When watching a TV show or a movie online, the environmental cost of our appetite for content is probably the last thing on our minds.
You may not be aware that when you load the first episode of David Attenborough’s ‘Our Planet’ on Netflix, it’s not just the electricity from your laptop or phone that is being used. You are also connected to Netflix’s content distribution network through a chain of data centres, each of which incurs energy costs. In fact, data centres already use about 10% of the world’s energy supply, giving them the same carbon footprint as the aviation industry.
The true environmental impact of our video consumption could be a wake-up call. The Shift Project has calculated that internet video traffic is responsible for 306 megatonnes of carbon dioxide per year, equivalent to the annual emissions from the entire economy of Spain.
The energy consumption of our entertainment habits is only set to rise. Research by Cisco has shown that global internet traffic is increasing by 26% every year, and will reach 4.8 zettabytes – that’s 48 followed by 20 zeroes – by 2022. By far the biggest culprit is video, which Cisco predicts will account for 80% of this traffic. To add to this, with Vodafone reporting a 50% increase in internet traffic in the UK, and Italy reporting a staggering 70% rise, it’s clear that streaming for both entertainment and video conferencing has ballooned since governments began advising to work from home.
In part, consumer demand is fueling this growth: consumers want more options from more companies, and want to be able to watch shows from their phones, computers and televisions. This doesn’t just mean that we’re consuming more video, but that content distribution networks have to work much harder to deliver it to this rich ecosystem of device and transport conditions. For example, they must now support multiple file formats (so-called “standards”), video resolutions and transmission bitrates in order for each video to optimally reach different devices, HD and 4K displays, and standard, high and ultra-high dynamic range in the pixel representation. This is why Netflix’s Environmental Social Governance report this year showed that Netflix’s energy usage is growing at 84% year-on-year, compared to subscriber growth of 20%. Juggling all these variations requires ever-more processing power, using ever-more energy.
However, consumer demand isn’t the only factor behind the growth in video traffic. The more fundamental issue is simply the huge size of video files; 10 hours of HD film – that’s about 5 movies or 10 episodes of a series – uses more data than all the articles in English on Wikipedia.
Therefore, an important part of mitigating the environmental impact of video streaming is to develop better methods of video representation and compression, to reduce the size of these massive files so they take less processing power to send, albeit without compromising quality.
Before transmission over the Internet, video files are compressed by software or hardware solutions called “codecs”, reducing the amount of data it takes to send the file (the bitrate) by a scale of up to 500 times in comparison to uncompressed pixel data. Lower bitrates need less computing power, and thus less energy, to send. As such, one potential solution for the environmental impact of streaming video is to improve these codecs, to get the same perceived quality in an even smaller bitrate.
However, there is a significant problem to this approach. More efficient codecs themselves require more processing power to run, so any energy savings from sending more tightly-compressed files are cancelled out by the extra energy needed for this compression to happen in the first place. A form of a catch-22.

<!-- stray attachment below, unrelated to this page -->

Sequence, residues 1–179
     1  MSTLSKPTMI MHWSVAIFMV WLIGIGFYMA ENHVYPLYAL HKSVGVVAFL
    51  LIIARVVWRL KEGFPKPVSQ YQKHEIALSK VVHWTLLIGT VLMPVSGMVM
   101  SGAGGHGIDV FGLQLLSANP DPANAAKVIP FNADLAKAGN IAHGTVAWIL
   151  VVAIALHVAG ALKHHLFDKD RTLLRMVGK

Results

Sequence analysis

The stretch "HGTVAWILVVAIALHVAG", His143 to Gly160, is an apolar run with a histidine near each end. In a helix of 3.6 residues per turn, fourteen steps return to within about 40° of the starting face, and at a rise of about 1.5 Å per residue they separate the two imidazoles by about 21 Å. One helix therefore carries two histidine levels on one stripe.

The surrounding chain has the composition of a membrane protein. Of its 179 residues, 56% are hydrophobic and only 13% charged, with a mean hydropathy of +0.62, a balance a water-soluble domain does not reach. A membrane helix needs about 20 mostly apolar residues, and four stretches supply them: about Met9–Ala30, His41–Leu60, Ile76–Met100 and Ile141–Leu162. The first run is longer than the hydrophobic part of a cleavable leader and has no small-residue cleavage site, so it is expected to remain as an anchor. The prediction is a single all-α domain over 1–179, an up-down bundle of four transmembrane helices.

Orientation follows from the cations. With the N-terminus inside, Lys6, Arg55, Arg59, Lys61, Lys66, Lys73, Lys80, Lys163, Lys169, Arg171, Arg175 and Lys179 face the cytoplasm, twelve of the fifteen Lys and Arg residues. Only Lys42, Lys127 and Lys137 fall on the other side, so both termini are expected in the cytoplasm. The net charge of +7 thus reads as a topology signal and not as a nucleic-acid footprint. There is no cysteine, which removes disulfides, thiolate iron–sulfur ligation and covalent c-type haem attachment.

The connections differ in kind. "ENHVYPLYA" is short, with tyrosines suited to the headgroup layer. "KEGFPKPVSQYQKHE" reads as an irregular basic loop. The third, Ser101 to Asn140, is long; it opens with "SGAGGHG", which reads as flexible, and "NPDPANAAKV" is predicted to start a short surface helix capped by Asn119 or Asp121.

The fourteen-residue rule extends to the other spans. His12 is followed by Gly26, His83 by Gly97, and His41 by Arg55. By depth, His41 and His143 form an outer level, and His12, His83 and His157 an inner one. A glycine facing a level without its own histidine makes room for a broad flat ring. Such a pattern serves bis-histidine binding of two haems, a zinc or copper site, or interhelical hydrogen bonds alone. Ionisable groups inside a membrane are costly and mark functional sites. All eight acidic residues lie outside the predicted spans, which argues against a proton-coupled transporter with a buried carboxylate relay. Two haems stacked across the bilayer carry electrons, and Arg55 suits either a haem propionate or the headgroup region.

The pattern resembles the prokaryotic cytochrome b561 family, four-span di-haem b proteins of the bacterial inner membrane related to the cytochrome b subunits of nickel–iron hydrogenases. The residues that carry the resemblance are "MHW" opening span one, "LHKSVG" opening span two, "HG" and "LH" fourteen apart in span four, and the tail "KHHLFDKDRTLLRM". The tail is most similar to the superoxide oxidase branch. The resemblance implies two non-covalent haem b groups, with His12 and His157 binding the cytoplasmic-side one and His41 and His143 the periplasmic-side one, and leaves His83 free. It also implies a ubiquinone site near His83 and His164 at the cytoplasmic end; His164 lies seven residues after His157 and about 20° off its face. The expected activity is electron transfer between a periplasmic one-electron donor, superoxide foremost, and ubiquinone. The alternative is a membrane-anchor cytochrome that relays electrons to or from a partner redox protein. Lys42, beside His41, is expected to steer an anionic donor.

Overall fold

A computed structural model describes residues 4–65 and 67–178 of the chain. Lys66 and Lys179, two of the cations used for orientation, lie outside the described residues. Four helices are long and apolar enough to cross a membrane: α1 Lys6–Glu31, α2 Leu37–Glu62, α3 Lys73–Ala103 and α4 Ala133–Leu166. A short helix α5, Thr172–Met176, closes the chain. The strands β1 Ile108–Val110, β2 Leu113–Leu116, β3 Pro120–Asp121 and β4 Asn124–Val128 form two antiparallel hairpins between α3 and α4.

Not to mention, new codecs have to be ratified against internationally-agreed standards. This process typically takes years – by which point, the environmental damage may already be done, the quality (and size) of video files being sent online will have grown even further, and legacy standards will have rooted themselves in the market making it too difficult to “unroot” them – the 30-year old JPEG image format is one such example.
So, if changing the codec proves unfeasible, how can we reduce video file size? One solution we (at iSize) are exploring is to pre-process video files before they even reach a codec. By “learning” mathematical models of human visual perception from data, we can learn which parts of a picture the human eye barely notices, allowing data-driven artificial intelligence (AI) to reduce the bitrate requirements for those sections of the image. This decreases the file size without losing quality or needing a new, complicated codec.
Conveniently, this process requires relatively small amounts of power and can leverage the enormous power unleashed by the latest graphics processing units (GPUs) while also reducing files size enough to cut energy requirements for video streaming over the Internet by 20 to 40% – all while keeping video quality at the same level or even improving it for the eyes of human audiences.
The implications of deep perceptual pre-processing of video through this method are significant. If we consider that video is estimated to take up 82% of internet traffic by 2022, and take the median data saving from above of 30%, this process could mean reducing internet traffic – and therefore the power consumption of data centres – by almost a quarter. And when we apply these potential energy savings to how much energy the internet is predicted to consume by 2025 (Source: KTH), such perceptual pre-processing could save roughly one-and-a-half times the annual energy consumption of Germany (Source: IEA). This is of course not the only solution to the climate crisis, but it is one worth considering.
All views expressed in the this article are those of the author and do not represent the views of either UCL or iSize Technologies.